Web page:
This week, I did a deep dive into podcasts across the nation. The takeaway: they aren’t all coming out of Boston, New York, Seattle, and San Francisco. There are some powerful storytellers out there, but part of the challenge is finding the independent, quirky, and kooky voices out there in the radio world. So, we at Paste are constantly on the prowl for the off-the-grid, the good, the heinously unique. Don’t see your state on this list? Tell us about the best pods in your state! DM me at @muira_mccammon or send complaints, concerns, or other quagmires to firstname.lastname@example.org.
I’m going to go ahead and cheat and say that S-Town, from the makers of Serial and This American Life, is my favorite podcast from this state. Yes, host and radio-loving wanderer, Brian Reed, hails from New York, but the story he pursues about the life and times of a clockmaker unwinds slowly in Woodstock, Alabama.
Did you, like me, grow up obsessing about the Iditarod Trail Sled Dog Race? Then, maybe you’ll understand my excitement in unearthing Iditapod, an audio initiative by Alaska Public Media to cover the trials and tribulations mushers face.
Keep Tucson Spooky
is for all you horror and sci-fi fans, and I can’t wait to see what they’ll churn out next.
Anna Sale’s Death, Sex, and Money is undoubtedly one of the coolest pods out there. She’s asking the questions that no one wants to about the totally taboo.
Not all of our favorites can be lighthearted. Hawaii Public Radio’s mini-series on the methamphetamine boom is dark and deep. Check it out here.
The Disney, Indiana Podcast
cracked me up to no end.
America needs more podcasts like Lit City. It’s super exciting to see that Iowa Public Radio is highlighting the year’s best nonfiction and fiction out there through an interview-based show.
Though it’s no longer being actively produced, I binged through all the episodes of A Kansas Memory on iTunes, because I have to admit, Kansans have a lot to say about Kansas.
You. Yes, you, if you’re reading this, waltz over to Radiotopia and tell me about your favorite show. Their hosts are all over the map, but a lot of the radio ideajamming goes down in Boston.
The 10 Minute Writer’s Workshop out of New Hampshire Public Radio knows what writers want: advice, direction, and all sorts of distractions. Short, sweet, and totally to the point, it offers a hodgepodge of insight from people, who adore the pen and page.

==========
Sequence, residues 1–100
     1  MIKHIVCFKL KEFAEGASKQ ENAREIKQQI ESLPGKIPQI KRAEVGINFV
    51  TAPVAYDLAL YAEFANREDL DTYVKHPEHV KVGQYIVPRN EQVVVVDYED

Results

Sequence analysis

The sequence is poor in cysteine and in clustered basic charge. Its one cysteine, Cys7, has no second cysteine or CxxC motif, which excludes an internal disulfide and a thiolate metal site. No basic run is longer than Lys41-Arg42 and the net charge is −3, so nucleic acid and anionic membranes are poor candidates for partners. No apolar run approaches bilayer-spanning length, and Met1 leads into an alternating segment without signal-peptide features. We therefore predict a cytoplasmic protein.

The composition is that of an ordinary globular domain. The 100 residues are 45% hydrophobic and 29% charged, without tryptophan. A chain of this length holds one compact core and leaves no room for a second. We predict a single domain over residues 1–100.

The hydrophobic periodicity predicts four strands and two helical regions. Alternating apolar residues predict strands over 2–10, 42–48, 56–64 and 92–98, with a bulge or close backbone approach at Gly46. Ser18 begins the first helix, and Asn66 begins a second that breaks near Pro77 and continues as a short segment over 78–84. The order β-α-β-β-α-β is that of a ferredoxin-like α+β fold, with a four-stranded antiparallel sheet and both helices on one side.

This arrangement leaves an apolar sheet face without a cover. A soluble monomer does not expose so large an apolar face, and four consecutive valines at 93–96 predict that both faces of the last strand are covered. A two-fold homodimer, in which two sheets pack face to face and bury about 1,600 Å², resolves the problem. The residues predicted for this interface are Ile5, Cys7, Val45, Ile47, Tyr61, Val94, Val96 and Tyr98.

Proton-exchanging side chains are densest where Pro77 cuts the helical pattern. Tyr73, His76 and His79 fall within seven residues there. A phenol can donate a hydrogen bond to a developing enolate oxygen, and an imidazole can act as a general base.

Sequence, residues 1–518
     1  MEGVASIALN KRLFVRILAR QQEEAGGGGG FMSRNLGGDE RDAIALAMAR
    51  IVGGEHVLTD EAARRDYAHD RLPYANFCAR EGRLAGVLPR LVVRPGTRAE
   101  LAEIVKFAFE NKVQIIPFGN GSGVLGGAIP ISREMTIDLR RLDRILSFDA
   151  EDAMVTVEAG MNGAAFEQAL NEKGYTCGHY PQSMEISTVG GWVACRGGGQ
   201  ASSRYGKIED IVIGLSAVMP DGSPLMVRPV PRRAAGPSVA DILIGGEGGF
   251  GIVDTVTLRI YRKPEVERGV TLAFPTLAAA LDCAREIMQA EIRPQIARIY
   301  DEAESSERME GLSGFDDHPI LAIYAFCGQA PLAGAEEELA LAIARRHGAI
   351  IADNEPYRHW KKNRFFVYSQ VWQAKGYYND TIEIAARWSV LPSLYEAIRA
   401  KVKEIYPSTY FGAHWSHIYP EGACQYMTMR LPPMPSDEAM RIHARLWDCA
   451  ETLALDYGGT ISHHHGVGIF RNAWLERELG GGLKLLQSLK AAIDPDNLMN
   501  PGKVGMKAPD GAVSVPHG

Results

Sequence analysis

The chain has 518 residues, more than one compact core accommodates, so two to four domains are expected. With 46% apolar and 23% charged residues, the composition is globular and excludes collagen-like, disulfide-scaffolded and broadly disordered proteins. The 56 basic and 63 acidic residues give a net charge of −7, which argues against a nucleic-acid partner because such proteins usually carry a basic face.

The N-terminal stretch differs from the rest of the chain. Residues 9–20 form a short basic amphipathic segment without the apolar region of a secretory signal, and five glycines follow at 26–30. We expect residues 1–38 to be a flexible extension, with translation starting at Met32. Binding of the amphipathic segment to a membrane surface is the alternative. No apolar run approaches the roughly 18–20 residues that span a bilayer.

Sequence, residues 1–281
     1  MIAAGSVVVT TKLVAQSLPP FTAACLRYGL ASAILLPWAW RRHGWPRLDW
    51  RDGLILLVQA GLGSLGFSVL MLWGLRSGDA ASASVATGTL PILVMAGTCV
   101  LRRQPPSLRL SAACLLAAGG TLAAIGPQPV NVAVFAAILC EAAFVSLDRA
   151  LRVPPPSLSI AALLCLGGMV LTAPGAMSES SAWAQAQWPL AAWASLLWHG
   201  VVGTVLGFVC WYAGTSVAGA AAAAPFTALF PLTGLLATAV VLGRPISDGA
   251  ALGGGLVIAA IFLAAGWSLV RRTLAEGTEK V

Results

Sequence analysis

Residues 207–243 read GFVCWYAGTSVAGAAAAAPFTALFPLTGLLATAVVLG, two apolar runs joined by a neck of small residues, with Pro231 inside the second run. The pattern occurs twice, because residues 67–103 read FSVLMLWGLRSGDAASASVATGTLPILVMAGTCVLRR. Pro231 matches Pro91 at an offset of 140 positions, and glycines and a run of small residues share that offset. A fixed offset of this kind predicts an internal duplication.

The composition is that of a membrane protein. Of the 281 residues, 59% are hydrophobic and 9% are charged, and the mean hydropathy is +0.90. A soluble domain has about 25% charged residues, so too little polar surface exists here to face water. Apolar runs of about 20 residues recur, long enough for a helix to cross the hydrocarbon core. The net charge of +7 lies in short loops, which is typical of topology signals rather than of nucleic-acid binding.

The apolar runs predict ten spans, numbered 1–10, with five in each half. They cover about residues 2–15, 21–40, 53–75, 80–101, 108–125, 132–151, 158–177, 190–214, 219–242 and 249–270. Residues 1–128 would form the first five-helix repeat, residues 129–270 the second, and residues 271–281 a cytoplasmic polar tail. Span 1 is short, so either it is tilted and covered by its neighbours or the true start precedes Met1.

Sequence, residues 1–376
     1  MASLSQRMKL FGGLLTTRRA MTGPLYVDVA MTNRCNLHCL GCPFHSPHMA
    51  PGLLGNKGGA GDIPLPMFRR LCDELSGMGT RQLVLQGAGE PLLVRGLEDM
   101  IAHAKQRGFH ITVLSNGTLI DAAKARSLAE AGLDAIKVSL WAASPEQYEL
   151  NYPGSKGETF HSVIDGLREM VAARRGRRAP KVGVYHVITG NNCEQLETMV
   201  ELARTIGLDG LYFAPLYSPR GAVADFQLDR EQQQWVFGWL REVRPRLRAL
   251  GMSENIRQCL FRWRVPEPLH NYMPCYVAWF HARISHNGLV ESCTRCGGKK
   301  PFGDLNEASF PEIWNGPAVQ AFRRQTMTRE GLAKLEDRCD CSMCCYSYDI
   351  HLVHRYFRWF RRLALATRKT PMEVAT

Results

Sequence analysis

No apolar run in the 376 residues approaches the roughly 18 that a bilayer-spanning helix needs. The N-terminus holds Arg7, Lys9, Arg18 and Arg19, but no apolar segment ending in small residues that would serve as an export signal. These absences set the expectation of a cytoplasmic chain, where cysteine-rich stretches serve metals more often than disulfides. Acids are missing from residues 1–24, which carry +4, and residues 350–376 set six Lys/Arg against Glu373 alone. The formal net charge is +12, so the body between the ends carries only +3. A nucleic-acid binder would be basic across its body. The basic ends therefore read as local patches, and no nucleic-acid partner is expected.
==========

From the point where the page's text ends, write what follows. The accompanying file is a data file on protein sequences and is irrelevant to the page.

Though it’s by the beloved WNYC, The Christie Tracker is all about the seamy underbelly of the political power structures underlying the state.
I would never ever try to tell you which of WNYC’s shows are the best. That’s beyond me. But, I will suggest you go dig in their archives and have a listen to this lovely little excerpt of Small Things Considered, a show for children ages 6-12 that ran from 1984-88.
Well Said out of the University of North Carolina, Chapel Hill isn’t just a window into the academic sphere. It’s a comprehensive dive into the entire educational ecosystem with stellar interviews with experts, students, and everyone in between.
The OAM Network’s Bike Nerds is my all-time favorite for the state of Tennessee, even though one of the show’s hosts, Kyle Wagenschutz, lives out in Colorado now!
15 Minute History
from the University of Texas at Austin is full of all sorts of unexpected gems. Episode 92, “Disability History in the United States” is an especially good listen.
Do you have a fave podcast in Utah? Because, if I have learned anything this week, it is that I do not. Please hit me up if there’s an off-the-grid pod I should know about in these parts.
I do not know if there is a cooler podcast for children in the nation than But Why. I dare you to find it.
Sometimes law schools have the best podcasts. UVA does a stellar job at getting judges, lawyers, and law professors to dissect some of the nation’s biggest legal questions. Tune in for the UVA Law School News.
I’m really into Dear, an experimental podcast launched this year by Washingtonian Brie Ripley and Texan Davis Land. In each episode, one of the two sends a radio letter to the other. Each episode feels like a secret, a special capsule of emotional vulnerability and dare I say, occasional angst, and it’s wholly addictive.
I can find West Virginia on a map, I promise you, but there’s no way I could tell you what goes on there. And that’s why I was psyched to discover The Legislature Today Podcast produced by West Virginia Public Broadcasting. It features short interviews with all the political movers and shakers on all imaginable things and provides a solid window into a local political scene rarely featured at the national level. For those of you more into storytelling, I’d be remiss to not give some love to Us and Them, a podcast run with the support of West Virginia Public Broadcasting; the pod tries to determine the political fault lines in Trump’s America. My fave episodes include “Reasserting Femme Voice” and “Strangers with Cameras in Appalachia.”
I have to endorse Bubbler Talk. I have to ask you to listen to it. This is a show all about Milwaukee, and it’s absolutely perfect for people who want to know how the city ticks and tocks. You can even submit a question you have about Milwaukee to the show’s hosts. How. Cool. Is. That.
from Wyoming Public Media is entirely about humans and their habitat. It seems like a big thematic feat to take on but somehow that’s exactly what this show does in quirky and quixotic ways.
Raised on a strict diet of NPR and C-SPAN, Muira McCammon is a war crimes researcher by day and a podcast reviewer for Paste Magazine by night. She can be found on Twitter @muira_mccammon or walking about the woods of western Massachusetts. Her writing has previously appeared in Slate, Waypoint by VICE, Atlas Obscura, the Massachusetts Review, and other publications.